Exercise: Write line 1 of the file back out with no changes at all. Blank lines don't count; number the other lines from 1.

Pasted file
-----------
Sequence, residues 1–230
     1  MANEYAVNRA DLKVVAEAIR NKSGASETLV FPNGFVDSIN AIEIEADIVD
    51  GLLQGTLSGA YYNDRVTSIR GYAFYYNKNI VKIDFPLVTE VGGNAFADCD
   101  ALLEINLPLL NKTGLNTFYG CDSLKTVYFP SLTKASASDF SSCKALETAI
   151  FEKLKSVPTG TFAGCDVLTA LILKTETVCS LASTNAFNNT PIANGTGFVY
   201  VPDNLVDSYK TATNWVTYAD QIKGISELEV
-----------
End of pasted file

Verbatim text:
Sequence, residues 1–230